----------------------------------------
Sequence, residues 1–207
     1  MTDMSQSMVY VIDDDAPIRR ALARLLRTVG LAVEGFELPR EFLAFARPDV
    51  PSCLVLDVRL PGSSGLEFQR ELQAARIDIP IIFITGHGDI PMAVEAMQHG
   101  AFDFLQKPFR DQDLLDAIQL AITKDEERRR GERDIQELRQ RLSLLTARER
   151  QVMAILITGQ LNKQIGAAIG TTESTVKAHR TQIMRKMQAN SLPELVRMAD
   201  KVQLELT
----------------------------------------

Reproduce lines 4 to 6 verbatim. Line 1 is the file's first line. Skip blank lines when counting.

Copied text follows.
   101  AFDFLQKPFR DQDLLDAIQL AITKDEERRR GERDIQELRQ RLSLLTARER
   151  QVMAILITGQ LNKQIGAAIG TTESTVKAHR TQIMRKMQAN SLPELVRMAD
   201  KVQLELT